WE ARE A MAGAZINE ABOUT LAW AND JUSTICE | AND THE DIFFERENCE BETWEEN THE TWO
October 15 2021
WE ARE A MAGAZINE ABOUT LAW AND JUSTICE | AND THE DIFFERENCE BETWEEN THE TWO

Huge ‘gulf’ revealed between demand for immigration advice in London and the ability to meet it

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Huge ‘gulf’ revealed between demand for immigration advice in London and the ability to meet it

Banksy mural in Clacton-on-Sea, destroyed because it was 'racist'

The total capacity for legal advice on immigration work in London could run to just 10,000 legally aided cases plus a further 4,000 individual pieces of case work a year compared to demand running to ‘the hundreds of thousands’, according to a new study recording the ‘gulf’ between supply of and demand’ for immigration advice in the capital. Most non-asylum immigration work was removed from the scope of legal aid following the cuts under Legal Aid, Sentencing and Punishment of Offenders (LASPO) Act 2012.

Co-authors Jo Wilding, Maureen Mguni and Travis Van Isacker point out that the legal not-for-profit advice sector has ‘been reduced by austerity and consequent local authority funding cuts’ and immigration law has become ‘more complex’. The report highlights ‘infrastructure challenges’ facing the sector including ‘a lack of trained advisors and a recruitment crisis’. ‘These changes have transformed the landscape of both demand for and supply of immigration advice,’ they argue. The study follows barrister Jo Wilding’s research on the supply side of the market for immigration and asylum legal aid services – see here.

London has four out of 10 of the number of offices holding legal aid contracts in England and Wales, and more than half of the offices which are registered with the Office of the Immigration Services Commissioner (OISC) to offer non-fee charging services at the highest level of advice and casework. It is a criminal offence to provide immigration advice unless an adviser is either OISC accredited or else appropriately legally qualified.

For legal aid work, this research concludes that there is capacity for just over 10,000 immigration and asylum ‘matters’ per year plus 700 higher court matters, including judicial reviews and appeals to the Court of Appeal or higher. For OISC level 3 work, the most complex casework and which is outside the scope of legal aid, total capacity is estimated at around 2,000-2,500 pieces of casework per year; and just 2,000 pieces for level 2
of non-charging casework per year. The report puts the total capacity for casework in London at ‘no more than 4,000-4,500 pieces.’  They add: ‘This compares with demand estimates in the hundreds of thousands.’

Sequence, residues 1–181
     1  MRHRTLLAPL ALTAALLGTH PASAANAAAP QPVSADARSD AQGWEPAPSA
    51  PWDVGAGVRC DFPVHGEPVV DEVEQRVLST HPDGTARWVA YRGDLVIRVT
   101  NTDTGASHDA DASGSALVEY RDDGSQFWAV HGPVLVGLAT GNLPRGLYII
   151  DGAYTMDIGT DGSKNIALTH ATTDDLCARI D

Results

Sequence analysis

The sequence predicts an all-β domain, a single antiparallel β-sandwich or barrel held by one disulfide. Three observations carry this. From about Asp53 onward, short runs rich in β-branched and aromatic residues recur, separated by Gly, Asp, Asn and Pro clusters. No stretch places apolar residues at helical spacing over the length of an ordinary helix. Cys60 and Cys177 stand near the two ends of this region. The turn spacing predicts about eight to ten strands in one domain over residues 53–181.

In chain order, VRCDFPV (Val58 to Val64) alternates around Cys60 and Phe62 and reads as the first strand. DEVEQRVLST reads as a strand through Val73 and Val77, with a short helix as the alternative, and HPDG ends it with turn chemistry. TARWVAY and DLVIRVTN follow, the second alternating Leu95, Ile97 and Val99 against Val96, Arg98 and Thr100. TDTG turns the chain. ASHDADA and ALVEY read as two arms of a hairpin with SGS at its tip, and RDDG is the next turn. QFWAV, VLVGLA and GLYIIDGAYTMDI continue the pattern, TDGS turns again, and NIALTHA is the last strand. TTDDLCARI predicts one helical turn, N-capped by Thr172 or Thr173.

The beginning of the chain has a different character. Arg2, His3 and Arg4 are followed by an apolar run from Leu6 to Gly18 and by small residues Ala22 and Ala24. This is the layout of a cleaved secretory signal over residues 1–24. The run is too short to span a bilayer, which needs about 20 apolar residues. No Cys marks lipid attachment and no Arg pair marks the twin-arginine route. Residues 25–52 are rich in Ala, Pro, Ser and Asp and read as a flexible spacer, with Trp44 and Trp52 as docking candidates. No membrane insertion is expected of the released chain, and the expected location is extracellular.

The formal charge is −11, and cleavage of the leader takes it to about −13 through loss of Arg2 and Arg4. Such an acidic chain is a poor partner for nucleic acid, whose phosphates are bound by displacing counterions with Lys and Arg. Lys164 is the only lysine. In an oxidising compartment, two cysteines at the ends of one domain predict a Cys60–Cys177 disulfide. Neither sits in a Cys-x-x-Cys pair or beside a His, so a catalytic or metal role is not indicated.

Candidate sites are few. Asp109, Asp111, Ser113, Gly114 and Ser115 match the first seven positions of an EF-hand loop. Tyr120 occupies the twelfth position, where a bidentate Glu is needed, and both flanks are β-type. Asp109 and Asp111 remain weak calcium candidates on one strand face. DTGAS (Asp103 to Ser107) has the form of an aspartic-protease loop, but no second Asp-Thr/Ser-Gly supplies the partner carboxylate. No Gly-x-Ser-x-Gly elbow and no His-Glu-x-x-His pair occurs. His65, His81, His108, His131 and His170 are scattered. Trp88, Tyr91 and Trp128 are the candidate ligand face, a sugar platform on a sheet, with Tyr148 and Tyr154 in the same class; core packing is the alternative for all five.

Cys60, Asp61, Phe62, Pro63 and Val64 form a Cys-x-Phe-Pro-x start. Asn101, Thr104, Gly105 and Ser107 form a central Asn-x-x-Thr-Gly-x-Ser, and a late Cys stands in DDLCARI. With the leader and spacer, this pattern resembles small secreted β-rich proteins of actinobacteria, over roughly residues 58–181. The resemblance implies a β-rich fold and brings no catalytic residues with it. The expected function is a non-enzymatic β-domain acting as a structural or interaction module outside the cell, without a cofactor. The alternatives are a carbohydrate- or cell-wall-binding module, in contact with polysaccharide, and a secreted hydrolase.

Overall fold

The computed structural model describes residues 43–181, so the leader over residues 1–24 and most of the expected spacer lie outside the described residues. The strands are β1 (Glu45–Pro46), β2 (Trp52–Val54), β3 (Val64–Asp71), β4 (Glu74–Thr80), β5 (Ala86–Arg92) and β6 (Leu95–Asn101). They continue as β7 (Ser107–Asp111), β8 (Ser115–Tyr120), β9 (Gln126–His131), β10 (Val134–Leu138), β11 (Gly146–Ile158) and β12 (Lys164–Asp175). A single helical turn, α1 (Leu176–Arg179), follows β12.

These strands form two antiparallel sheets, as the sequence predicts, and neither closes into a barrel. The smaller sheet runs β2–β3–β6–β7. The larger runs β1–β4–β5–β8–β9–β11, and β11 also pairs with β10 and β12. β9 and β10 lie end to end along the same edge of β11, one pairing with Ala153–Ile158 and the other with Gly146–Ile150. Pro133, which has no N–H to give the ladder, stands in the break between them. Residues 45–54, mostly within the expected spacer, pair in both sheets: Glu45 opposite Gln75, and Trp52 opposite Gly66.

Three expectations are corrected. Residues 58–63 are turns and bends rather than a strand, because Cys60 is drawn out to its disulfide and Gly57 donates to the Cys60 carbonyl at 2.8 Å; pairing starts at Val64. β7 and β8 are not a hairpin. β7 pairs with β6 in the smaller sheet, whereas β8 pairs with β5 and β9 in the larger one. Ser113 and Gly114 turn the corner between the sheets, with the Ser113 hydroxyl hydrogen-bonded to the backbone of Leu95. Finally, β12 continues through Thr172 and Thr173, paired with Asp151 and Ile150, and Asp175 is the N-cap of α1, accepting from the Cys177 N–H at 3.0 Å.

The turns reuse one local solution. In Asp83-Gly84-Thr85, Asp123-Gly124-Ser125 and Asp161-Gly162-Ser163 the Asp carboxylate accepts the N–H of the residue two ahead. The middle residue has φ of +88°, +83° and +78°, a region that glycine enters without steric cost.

The authors note that London has a larger undocumented population than other parts of the UK. ‘This may make it easier to disappear into communities there than elsewhere,’ they write. ‘This results in high demand from people whose cases are complex and those entering the advice network at crisis point.’ The capital also has ‘a larger and more complex advice network’ than other parts of the country. ‘This is largely positive but means that some organisations get “lost” in the network and do not have effective referral pathways, while users face a bewildering array of organisations and little guidance as to which will be able to help them,’ they continue. People and organisations outside of London ‘in the surrounding advice desert areas’ also depend on this network which has ‘no spare capacity’ which results in some people in London looking for help.

‘Many people enter the advice network as a result of some kind of crisis, often around health, homelessness, violence or job loss,’ they write. ‘When they are unable to access or engage with the advice they need, some return to exploitative or dangerous situations. It is therefore important to increase the crisis capacity.’ Equally, they argue it is important to understand how to address underlying issues before crises happen and to make early advice  available.


The authors estimate per year:

  • 4,300 first-time adult asylum applicants per year;
  • 1,235 unaccompanied children seeking asylum;
  • 800 recognised refugees in need of settlement and travel documents;
  • ‘hundreds of people’ eligible to apply for refugee family reunion;
  • 2,276 victims of trafficking or modern slavery;
  • 397,000 people who are undocumented;
  • 23,000 individuals in around 18,500 households needing to extend their leave in the year from 1 July 2021;
  • 600 people per year needing to apply under the domestic violence provisions, usually involving two separate applications;
  • up to 1,702 people at any given time in immigration detention in the detention centres in and around London;
  • 1,777 non-UK nationals in prison in London, and an unknown number of people who are neither in prison nor detention but continue to face deportation proceedings;
  • an unknown number of EU nationals who have not yet applied under the EU Settlement Scheme (EUSS) which has a deadline of 30 June 2021